of Boston college. His height was
six feet even while the winner R~o-
busch of Pittsburgh, made six. feet
2'inch'es. Jimn Brooker made a beauti-
ful leap of 12 feet' 10 3-4 'inches to
wvin the pole vault and to establish a
record for the Penn relays in the
evenlt. The new record is 3-4 inches
better than the old one held by Frank
Foss, later world's record mkrat
Player and club G. A.B. 11.1H. P.C.
Heilmarn1iDetroit..9 ;1 811. 484
W~att UleVel1d '.t . 47 . . S'x471
Boone, Boston .......8 26 5 12 .462
Clar e, Cleveland . .. .4 11 4, 5 .45
S~i'ips$'ZjCeYhIVt lj 432
%haBrooklAyn.... ,.6 24 2 11 .458
Granthamn, Chicago . .11 40 12 17 .425
Pinelli, Cincinnati 9i . F l 6 12 .414
Grimm, Pittsbuirg..9 ~32 2 -1'3 .406
Hornsby, St. Louis ..:.11 45 9 18 .400
lProf. Arthur G. Canfleld, of the de-
partment of romance languages, will
deliver an extension lecture in Grand
Rapids Friday before the Alliance
Franedise on "Victor Hugo."

11 "book" first freak play for the
"boo" ishere rele' r;
f ( pulled b the first ker,
H eoiE 1ly, "ftthe vn
tweeI 'G ts "nd av es e
was charged with an error and
credited with a putout in course I
" of a single play.
Ithat inning Casey Stengel
~to K' who fumbled and Ij
fd ^lowed li ;fum r~ith' awild'
Itos past Jac'k ntl'W , who had
6rumbled over to cover the bag.
'Stengel, rounding te bag, 1I
turned to the left preparatory to Ij
"dashing for second base, but
headed back to first when he saw
that Hank Gowdy, backing up,f1
fhad recovered the ball.. Gowdy
pegged quickly to Kelly, Who
Ipinned the pellet on Casey before t
he could reach the bag.
(Continued from Page One)
Box. seo e
Nrt e§;rn.n 1 k 1I'IPA' l
Stegman, c,rf......4 0 1 3 2 11
Johnson, cf:........ 5 0 0 #1 2 0
Kearville, 2b........4 0 2 1 4 1E
1MeEvain, ss.......4 0 1 1 5 51
rvbhn, If.......4 0 12 00
Seidell, lb..........4 0 0 16 0 1
Kirchoff, rf.... ...2 0 1 0 0 0;
Bengston, p........0 0 0 0 1 01
Sholz, p.........3 00 02 01
'Dempsey......10 0 00 03
Totals......37 0 6 24 21 81
1Wiehiga~a ,s 3 s A RA11 1*6 A
Gles, 2b ...........5 "2 3 1 1 01
Kipke,"cf.,:::.......400d4 0 0
Bachman,lif........4 006101
Bott, c....... ...4 2 2 4 0 0
Hag ert lab ... ? 2
Steger rf.........3 21 0 0 0
fTotal ,: a rl3 , 27145.
*Batelrita i' 3 A niIat h . tII
Score by innings:<
Northwestern.....0 t'0 0 0 0 0 0 0
Michig y~ .. .0 10 0 0 00 0 3 1
Sunl'mares--Two base litts, Jabln-
owski, Kirceioff; bases on bals, off1
Jablo 0 kB f; 1 n l'
Scholl 1; 'struck out, by Jablonows 1S
3, by Scholz 2; hits, off Bengson 6 in 1
2-3 innings,, off Scholz_ 5 in 6 1-3 in-
nings; losing pitcher, Bengston; doub-
le plays,. Jablonowski and Wilson,1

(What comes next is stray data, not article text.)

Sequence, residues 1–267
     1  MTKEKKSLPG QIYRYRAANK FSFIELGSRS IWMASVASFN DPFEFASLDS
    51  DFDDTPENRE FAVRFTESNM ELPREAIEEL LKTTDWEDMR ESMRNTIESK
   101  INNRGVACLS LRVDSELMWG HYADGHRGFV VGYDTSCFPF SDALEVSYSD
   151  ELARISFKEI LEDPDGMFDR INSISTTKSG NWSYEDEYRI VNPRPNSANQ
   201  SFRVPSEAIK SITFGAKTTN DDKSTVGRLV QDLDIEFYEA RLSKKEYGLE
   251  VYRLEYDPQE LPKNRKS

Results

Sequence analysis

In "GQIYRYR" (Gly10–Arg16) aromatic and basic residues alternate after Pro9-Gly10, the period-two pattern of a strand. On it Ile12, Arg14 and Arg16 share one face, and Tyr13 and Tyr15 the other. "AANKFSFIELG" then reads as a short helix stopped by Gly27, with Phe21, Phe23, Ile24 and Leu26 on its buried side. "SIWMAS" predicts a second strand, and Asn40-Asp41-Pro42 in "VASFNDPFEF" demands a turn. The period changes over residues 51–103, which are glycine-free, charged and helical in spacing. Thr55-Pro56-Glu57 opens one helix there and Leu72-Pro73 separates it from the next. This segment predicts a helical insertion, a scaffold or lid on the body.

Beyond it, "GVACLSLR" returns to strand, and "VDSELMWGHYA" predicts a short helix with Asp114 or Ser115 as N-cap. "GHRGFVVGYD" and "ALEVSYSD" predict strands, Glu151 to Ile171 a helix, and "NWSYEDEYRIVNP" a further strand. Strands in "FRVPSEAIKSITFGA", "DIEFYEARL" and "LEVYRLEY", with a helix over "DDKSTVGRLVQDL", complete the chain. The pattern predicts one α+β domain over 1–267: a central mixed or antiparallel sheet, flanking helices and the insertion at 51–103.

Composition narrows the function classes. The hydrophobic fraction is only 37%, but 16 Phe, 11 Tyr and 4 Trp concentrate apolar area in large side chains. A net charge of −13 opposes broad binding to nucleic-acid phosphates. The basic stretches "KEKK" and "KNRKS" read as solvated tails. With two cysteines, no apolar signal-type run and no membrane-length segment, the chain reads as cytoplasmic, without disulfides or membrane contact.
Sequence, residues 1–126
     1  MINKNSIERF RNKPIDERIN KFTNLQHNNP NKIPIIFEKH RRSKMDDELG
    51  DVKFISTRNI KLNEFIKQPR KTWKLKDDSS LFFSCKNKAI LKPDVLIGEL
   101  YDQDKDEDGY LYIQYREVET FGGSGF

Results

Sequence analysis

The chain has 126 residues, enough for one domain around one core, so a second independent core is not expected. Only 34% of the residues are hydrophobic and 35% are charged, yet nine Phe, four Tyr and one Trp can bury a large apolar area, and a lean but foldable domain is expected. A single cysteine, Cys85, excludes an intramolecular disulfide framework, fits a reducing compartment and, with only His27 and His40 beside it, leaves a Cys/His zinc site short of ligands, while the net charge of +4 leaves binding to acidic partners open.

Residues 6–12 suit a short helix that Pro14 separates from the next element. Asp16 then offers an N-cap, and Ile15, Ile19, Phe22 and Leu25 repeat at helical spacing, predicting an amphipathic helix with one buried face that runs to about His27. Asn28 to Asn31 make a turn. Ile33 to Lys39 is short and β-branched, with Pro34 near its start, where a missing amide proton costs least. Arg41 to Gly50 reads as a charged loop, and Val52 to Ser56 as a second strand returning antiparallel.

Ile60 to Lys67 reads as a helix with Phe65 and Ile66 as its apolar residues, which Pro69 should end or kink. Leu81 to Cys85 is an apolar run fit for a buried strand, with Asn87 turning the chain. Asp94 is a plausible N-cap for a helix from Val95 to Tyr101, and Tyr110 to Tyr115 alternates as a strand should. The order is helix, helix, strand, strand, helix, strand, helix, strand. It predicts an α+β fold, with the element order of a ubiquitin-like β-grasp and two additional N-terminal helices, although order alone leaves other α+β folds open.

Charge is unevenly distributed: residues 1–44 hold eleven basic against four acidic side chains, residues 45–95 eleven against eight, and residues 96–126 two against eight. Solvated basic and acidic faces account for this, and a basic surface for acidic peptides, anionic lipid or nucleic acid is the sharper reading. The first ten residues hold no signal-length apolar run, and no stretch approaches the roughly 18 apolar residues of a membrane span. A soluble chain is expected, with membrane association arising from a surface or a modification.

Johnson, Stegman, Kearville and M-.
Elvain, Johnson and Seidel. Umpires,1
Green and Schuler.

L Manchian Pin Quintet Captures BGTEIVTE
11LIntercollegiate Bowling T te Chieag-o, April 28'-Oh'arles Pad.-
- :Irli hca( nt~ir «nple iots rnl~ls byrolin.,I dock., who tied the world's record in
WnesothalcapswetIg Intra-mural athics trnsedtei wnpevos aksb rlinghe 7100-yard dash and cut down the
tournent sf houdallatsetheina Michigan withI an inte rcollgate a sc ore of :,027 to 2,230. Their ipe world's 125-yard mark in the Drake
mural office an receive theirsweat- championship when thle Aichigan viouls bestmak had been 2,990 to relays Saturday, has been invited to
ers. ai iquintet of bowlers by erer i riwed tea;- :y: acuse's 2,5:31 and 2,950 to Depauw's .'run in exhibition races at the Western
____son's victor" ithle Intercollegiate <2,7 " . IConference games on Stagg field, here
Han blltornme wllstrtatBowling leagvue, organlized1 las;t winter The high 'sinigle score of the league 1 .Iune 7. Paddock is expected to stop
Ban bal ottrrmenwil sartatunder the sponsorship of Y'ilo uni- was made by Mathew Locke, whose here on his way East for the Olym-
atno 4:15tedneayin afternoon, the scoit. re Nwas 215. In the last match of p-c tryouts at Boston in June,
Seir is lyigthe all-dental team. Defeating Renlnslaer i dy >tecl niethe,(' son ocke's average was 21
At 4:15 o'clock Thursday the Sopho-, institute with a reocord scorec in the for his three gaes. I T4444 /,lf1.4
more lits play the educationals. !final telegraphic match of th1e season,, iow ling;'s is:e to informal inter- ~~~J A4
fo tefecigmet a teMichigan teach took top place in 'colleiaite strtus created] new inter'- I Vat Str Idi
Sweaters frtefnigme a the final standings, with Milnnesota, cest in the sport here. The bowling L
be had by calling at the intramural Syracuse, Ya'le, Kentuckty, Depa.uw I tam ,was pic:ked from 717 men who l
office.l and Rennslaer the other sc1ho ols corn- participatoed in the intra-mural bowl- ( Chiicago, April 28.-Dean Browndl,